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Motor Speed Controller

mattrgs

Oct 7, 2016
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Oct 7, 2016
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Hi all
First of all thanks for any help.

I have a 130V dc motor (1.34 kW) (see attached photo for more information) that I got out of a treadmill. I am using it in a homemade pottery wheels. However currently the controller out of the treadmill is complicated as it is computerised, so not easily changeable and modifications to it aren't possible. So therefore I am looking to fit a new motor controller.
I don't need to run it at full speed, at absolute maximum it needs to be half speed, if not lower. I have found a number of devices such as this: https://www.amazon.co.uk/gp/product/B016Y027DM that I think would work with it. However all of these kinds of devices require a dc input.
I have not managed to find a ac to dc converter that reaches a high enough voltage and power output. I am keen to keep this as cheap as possible, so am open to any suggestions.

Thanks
 

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Minder

Apr 24, 2015
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What you need is either one of the KB DC drives or a MC-60 T.M. motor controller.
Both run direct off of the AC line, in UK with 230vac you will have to limit the rpm.
so out of the two the KB has the 230v version.
M.
 

mattrgs

Oct 7, 2016
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Oct 7, 2016
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Thanks for your reply.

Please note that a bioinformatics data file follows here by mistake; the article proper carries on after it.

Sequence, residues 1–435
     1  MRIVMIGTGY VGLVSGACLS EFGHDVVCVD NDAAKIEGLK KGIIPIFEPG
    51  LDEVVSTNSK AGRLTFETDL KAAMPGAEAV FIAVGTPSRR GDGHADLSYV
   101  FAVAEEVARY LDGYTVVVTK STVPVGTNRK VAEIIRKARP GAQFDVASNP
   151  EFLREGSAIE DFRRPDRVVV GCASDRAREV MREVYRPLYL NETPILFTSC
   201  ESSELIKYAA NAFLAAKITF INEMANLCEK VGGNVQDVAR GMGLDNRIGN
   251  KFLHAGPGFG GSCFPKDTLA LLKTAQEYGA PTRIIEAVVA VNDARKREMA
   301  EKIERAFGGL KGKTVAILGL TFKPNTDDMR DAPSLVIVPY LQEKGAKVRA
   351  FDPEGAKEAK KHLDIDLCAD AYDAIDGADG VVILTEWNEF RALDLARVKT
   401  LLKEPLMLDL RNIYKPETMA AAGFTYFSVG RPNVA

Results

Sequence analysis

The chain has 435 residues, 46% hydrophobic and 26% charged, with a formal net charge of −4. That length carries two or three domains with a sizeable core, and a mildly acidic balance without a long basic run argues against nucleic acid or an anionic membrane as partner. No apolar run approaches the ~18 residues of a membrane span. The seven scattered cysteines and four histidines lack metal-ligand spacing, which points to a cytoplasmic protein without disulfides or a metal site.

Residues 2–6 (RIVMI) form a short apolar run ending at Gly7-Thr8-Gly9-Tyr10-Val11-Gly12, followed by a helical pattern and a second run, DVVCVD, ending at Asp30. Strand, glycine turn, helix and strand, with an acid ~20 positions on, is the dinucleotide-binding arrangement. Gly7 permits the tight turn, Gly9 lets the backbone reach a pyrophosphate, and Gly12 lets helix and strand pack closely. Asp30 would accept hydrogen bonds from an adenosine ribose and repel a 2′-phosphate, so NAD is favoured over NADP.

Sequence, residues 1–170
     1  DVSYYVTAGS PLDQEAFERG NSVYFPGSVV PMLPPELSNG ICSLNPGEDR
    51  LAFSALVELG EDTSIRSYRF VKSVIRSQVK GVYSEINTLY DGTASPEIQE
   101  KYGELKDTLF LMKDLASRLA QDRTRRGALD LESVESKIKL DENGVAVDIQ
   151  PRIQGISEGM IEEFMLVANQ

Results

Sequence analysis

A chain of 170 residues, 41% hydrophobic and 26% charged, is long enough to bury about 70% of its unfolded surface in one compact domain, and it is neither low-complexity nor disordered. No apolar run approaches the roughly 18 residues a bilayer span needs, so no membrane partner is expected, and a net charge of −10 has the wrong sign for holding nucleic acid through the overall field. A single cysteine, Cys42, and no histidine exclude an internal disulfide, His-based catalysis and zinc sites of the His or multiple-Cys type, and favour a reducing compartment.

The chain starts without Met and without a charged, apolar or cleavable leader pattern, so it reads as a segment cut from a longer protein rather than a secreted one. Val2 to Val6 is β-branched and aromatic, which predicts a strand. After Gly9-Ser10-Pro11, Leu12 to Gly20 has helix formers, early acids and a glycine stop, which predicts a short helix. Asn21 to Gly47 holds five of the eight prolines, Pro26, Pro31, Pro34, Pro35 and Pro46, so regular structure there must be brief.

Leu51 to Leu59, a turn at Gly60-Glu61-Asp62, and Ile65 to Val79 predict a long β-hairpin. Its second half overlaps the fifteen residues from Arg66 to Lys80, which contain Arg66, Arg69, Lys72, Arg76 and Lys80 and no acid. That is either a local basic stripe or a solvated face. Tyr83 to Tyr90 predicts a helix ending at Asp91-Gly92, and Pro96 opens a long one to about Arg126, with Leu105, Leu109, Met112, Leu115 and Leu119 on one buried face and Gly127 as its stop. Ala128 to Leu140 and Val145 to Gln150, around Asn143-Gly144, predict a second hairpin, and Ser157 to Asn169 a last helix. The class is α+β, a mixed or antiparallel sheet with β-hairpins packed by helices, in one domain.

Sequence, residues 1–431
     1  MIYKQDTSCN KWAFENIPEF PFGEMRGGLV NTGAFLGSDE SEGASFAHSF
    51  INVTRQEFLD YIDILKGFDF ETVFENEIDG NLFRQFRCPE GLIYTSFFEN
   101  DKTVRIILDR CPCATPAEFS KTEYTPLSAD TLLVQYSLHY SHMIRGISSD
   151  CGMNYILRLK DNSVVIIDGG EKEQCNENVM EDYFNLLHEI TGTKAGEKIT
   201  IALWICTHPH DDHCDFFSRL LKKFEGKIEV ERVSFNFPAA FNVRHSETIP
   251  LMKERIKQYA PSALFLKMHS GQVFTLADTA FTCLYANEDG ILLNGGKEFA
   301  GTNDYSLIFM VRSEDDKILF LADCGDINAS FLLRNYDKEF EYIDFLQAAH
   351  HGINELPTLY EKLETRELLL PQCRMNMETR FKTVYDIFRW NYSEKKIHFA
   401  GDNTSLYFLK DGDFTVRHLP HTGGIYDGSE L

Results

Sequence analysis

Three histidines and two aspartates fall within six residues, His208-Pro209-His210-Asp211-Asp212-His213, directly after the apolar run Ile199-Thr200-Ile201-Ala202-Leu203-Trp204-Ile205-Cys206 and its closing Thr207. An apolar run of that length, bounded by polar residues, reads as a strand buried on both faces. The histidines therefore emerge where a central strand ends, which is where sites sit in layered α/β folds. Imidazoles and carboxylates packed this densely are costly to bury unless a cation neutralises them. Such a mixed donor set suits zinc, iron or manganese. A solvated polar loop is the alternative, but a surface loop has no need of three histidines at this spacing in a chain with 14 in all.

Whilst looking at similar projects, another solution came to mind:
I only need to run the motor at 240 rpm max. Using this simple calculation I think it says I need a lot less voltage: (240/3400)*130 = 9.2V.
Does this make sense, or do I need to take other things into account such as stalling the motor. I realise that at slow speeds I lose torque, but it is already very powerful, and if I were to use a 12 or 24V power supply I could run it slightly faster and use a pulley to decrease speed and increase torque.

This seems like a simpler solution if it works.
 

duke37

Jan 9, 2011
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What is the motor, there is a plethora of types.
There should be no loss of torque at low speed but the motor may overheat due to less cooling.

With a permanent magnet motor, the unloaded speed will be proportional to voltage. Some motors have strong cogging so they will not run sweetly at very low speeds and, at too low a voltage, they will come to an abrupt stop. A high inertia load will be beneficial.
 

Minder

Apr 24, 2015
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Leeson is a very high quality motor, you could try running it on a automotive battery to see how it performs at low voltage, but if using a SCR bridge controller it may buzz a little at low rpm, PWM is the smoothest, but they need a power supply as you noted, a bridge rectifier and a capacitor bank could be constructed to go across a suitable LV transformer.
M.
 

mattrgs

Oct 7, 2016
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